THE quiet revolution in land ownership continued to sweep across the Highlands and Islands yesterday when it was announced that Ian Macneil of Barra, whose family lines go back more than 1000 years on the island, had agreed to donate his crofting estate on Barra to the Scottish Executive.

However, if islanders want the 9000 acres, they are to be given the estate free of charge at a later date without having to seek any support from the Scottish Land Fund.

This has heartened those campaigning to secure more than half a million acres, or 77%, of the Western Isles in community ownership.

The Barra transfer will include adjacent foreshore as well as fishing and mineral rights.

When added to the existing crofting estates long owned by the Scottish Office/Scottish Executive on Barra and Vatersay, the combined publicly-owned estates will cover almost all the land on the two islands, which have a population of about 1300.

They will extend to 16,000 acres, with more than 440 croft tenancies and two working quarries.

Under the agreement, the 46th chief of the Clan MacNeil will donate the property to Scottish ministers, subject to their paying for the comparatively small cost of the transfer. The Scottish Executive environment and rural affairs department (Seerad) will manage the land until any community takeover.

About a year ago Mr Macneil approached Alasdair Morrison, the MSP for the Western Isles and his Westminster counterpart, Calum MacDonald MP, with the proposal that he transfer the croftlands to public ownership. Dialogue had continued with executive officials until yesterday, when the announcement was made through the columns of Barra's community newsletter Guth Bharraidh (the Voice of Barra). This was at the insistence of Mr Macneil, who wanted the islanders to be told first.

Now 74, the American law professor, who is an expert on contract law, had already offered to sell for a nominal sum his part of the island to the community as far back as 1981.

Yesterday, he explained his reasons for this latest initiative and stressed he was not turning his back on Barra, where he still has a house.

''Active personal management of a crofting estate is both challenging and rewarding. But it is also demanding and time-

consuming. Having put in almost 35 years at this job and beginning to slow down at 74, I decided it was time to retire.

''A transfer to Seerad will also open exciting opportunities for local community ownership and management, if appropriate democratic processes reveal that this is what the crofters and wider community of Barra and Vatersay want.

''Barra will remain home for us. The crofting estate is just one of our many contacts there. Among others are our ongoing connections with Kisimul Castle, our home in Garrygall and above all our friends and acquaintances in the island. We spend a great deal of time on Barra and continue to do so.

''Being relieved of the administration of the crofting estate will free up much time, making it possible to participate in Barra life in other ways which might be useful . . . Barra and its welfare are important to us and we anticipate continuing as active members of the


In particular, he would be working to achieve the long-term security of the island's air services.

Ross Finnie, rural development minister, said: ''We intend to manage this land with a view to its transfer, along with our own properties, to community ownership when the Barra and Vatersay islanders are ready to take control of the land management. We will encourage community participation in property management through an estate charter similar to those already adopted on other estates owned by ministers.''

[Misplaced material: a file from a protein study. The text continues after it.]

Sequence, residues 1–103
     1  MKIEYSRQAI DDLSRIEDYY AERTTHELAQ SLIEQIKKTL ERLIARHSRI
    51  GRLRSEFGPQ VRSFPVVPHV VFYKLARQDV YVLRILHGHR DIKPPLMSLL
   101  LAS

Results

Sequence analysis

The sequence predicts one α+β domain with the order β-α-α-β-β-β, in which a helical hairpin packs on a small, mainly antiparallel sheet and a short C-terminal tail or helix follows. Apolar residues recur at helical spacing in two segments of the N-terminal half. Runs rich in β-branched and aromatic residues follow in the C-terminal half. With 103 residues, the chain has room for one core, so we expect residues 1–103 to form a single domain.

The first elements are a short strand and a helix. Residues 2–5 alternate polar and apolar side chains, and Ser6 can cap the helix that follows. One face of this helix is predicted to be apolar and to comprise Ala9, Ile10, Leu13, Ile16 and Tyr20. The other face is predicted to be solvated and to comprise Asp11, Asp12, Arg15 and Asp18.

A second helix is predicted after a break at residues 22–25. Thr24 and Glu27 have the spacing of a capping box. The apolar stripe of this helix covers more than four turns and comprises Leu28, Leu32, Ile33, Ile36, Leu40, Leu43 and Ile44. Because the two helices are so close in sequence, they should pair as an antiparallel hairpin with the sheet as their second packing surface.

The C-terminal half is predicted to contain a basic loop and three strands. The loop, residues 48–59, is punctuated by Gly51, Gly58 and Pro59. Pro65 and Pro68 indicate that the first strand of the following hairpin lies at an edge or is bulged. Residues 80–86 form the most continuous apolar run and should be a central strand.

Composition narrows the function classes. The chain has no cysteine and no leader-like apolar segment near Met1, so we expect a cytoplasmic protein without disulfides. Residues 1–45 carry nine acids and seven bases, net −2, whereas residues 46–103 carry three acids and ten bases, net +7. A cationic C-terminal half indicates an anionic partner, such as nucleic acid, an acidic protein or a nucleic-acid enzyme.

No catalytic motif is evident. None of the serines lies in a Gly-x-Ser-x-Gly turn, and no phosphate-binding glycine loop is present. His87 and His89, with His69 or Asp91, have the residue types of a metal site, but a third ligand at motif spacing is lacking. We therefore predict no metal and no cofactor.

Mr Morrison was delighted by the development. He said: ''Our agenda has always been to encourage fundamental change in the current pattern of land ownership and here we have a magnanimous gesture facilitating that very change, whether or not the islanders decide to progress to community ownership.

''Land reform has changed and is changing attitudes. The more land that goes from private to public or community ownership in the Western Isles, the better.

''We are now well on our way towards our goal of taking all croft land, which accounts for more than three-quarters of the Western Isles, into community/public ownership.''

Already in community ownership in the Western Isles are: the 69,400 acres of the Stornoway Trust, which was established in 1923 by deed of trust from Lord Leverhulme; the 1700 acres at Bhaltos on the west of Lewis; and the 55,000 acres of the North Harris estate.

The communities on the 93,000 acres of the South Uist estates are considering pursuing a buyout, as are those on the 26,000 acres of Park estate in the Lochs area of Lewis and those further north on the 60,000 acres of the Galson estate.

''If all these projects succeed, we will have secured about 320,000 of the 500,000-plus acres of croftland in the Western Isles,'' Mr Morrison said.

However, Jessie MacNeil, editor of Guth Bharraidh and a crofter and community development officer with Community Action Barra, said: ''We won't be moving to community ownership overnight.

''It is something there has already been a bit of discussion about, but it is not something the people here will be rushing into.

''It's very important that we get all the views of the crofters, all the community. But it is certainly something Macneil has triggered. Personally I feel this is a challenge for us - 'There's the land there, are you ready to take it on?' It is an open door for us to take control of the whole estate and not just Macneil's land.''